WITH the school holidays just around the corner you may have children, grandchildren or great grandchildren to look after. If you want to take the children to the cinema it is worth knowing the difference between the PG and G classifications.
G films are suitable for all viewers, but this does not imply that they are films for children. In fact, sport films dominate this category. A General classification says that violence must be “infrequent and light in tone”, sex can only be suggested in very discreet ways and coarse language must be very mild and infrequent.
PG films are available to all viewers, but parental guidance for young children is recommended. PG films can “be confusing or upsetting to children without adult guidance (but should) not be harmful or disturbing to children”. PG films can have: Mild violence but it must not be shown in detail; suggested and discreet sexual activity; mild and infrequent coarse language; mild adult themes; no nudity in a sexual context; and no promotion or encouragement of drug use.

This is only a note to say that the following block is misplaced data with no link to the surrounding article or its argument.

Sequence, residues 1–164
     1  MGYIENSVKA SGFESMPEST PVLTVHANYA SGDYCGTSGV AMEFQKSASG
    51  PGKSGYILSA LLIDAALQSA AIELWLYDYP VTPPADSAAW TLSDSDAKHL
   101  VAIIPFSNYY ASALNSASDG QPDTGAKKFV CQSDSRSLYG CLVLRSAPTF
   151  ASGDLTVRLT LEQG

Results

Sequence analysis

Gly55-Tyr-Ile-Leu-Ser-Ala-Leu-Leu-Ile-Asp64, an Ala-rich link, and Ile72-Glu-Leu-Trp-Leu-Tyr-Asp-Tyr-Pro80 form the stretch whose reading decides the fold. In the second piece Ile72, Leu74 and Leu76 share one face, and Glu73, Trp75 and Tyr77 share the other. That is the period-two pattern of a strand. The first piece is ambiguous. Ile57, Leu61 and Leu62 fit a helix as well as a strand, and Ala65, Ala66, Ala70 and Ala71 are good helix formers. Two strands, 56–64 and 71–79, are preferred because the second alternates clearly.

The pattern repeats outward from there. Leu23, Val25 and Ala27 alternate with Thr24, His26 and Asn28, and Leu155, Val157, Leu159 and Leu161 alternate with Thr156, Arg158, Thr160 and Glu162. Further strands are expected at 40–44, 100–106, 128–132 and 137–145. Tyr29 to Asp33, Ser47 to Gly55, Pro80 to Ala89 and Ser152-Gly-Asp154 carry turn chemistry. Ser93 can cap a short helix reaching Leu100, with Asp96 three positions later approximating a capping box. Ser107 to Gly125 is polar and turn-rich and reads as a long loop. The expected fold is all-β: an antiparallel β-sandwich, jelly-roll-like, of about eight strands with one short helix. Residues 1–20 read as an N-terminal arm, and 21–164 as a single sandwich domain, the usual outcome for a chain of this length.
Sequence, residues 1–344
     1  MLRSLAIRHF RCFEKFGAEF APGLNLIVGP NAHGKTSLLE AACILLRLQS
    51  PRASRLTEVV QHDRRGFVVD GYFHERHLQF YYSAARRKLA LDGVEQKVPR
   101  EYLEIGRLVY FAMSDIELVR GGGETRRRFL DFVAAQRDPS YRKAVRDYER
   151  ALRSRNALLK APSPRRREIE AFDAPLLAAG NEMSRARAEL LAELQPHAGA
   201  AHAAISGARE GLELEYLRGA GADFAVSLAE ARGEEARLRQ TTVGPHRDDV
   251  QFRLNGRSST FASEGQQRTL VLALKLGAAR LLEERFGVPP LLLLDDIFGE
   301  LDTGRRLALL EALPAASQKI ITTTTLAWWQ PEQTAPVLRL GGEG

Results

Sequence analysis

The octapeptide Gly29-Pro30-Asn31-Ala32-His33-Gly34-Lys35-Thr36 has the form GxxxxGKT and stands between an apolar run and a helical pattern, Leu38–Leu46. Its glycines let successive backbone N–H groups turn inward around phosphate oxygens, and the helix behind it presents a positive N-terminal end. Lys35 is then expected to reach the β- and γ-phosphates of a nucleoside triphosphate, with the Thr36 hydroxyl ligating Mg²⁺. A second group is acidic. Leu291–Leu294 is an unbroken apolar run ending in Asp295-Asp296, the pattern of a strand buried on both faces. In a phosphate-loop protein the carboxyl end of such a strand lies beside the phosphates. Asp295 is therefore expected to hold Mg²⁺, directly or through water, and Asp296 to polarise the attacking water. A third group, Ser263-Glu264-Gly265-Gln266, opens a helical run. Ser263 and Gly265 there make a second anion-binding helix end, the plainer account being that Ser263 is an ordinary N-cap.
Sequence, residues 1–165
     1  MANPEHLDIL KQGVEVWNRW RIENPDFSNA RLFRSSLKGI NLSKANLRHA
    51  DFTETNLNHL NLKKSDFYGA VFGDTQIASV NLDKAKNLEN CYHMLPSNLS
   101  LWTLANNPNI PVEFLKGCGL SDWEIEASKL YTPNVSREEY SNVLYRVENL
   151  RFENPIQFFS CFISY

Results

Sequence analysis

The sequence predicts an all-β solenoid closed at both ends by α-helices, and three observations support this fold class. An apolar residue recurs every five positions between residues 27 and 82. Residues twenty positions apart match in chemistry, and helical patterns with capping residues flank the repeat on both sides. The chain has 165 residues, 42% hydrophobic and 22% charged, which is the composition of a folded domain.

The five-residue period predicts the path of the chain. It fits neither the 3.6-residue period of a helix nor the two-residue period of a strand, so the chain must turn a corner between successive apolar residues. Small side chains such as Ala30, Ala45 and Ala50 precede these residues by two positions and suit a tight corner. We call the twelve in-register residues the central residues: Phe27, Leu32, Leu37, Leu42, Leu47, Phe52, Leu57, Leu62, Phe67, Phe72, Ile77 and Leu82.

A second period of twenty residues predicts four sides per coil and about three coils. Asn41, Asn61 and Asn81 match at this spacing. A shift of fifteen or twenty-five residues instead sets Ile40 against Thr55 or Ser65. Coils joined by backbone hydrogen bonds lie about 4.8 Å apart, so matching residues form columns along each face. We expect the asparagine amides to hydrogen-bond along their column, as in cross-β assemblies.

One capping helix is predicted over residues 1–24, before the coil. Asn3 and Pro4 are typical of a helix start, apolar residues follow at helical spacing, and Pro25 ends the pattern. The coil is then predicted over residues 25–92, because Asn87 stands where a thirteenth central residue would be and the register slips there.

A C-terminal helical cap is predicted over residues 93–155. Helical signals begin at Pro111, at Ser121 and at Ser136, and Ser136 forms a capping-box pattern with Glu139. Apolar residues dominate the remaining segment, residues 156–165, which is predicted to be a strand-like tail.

It is worth noting that while the Mature category is left to discretion of parents, the Mature Accompanied 15+ rating is a legal restriction and children under the age of 15 attending these films are breaking the law.
Unfortunately, our mid-year holidays always have the least number of good children’s films because the US market is yet to release their summer films, so the holiday’s pickings are pretty slim.
At present there are six G films on full commercial release in Australia: Fantasia 2000; The Flintstones in Viva Rock Vegas; The Cup; The Tigger Movie; Stuart Little; and Iron Giant.
For teenagers Looking for Alibrandi (M) and M:i-2 (M) are the best films on offer.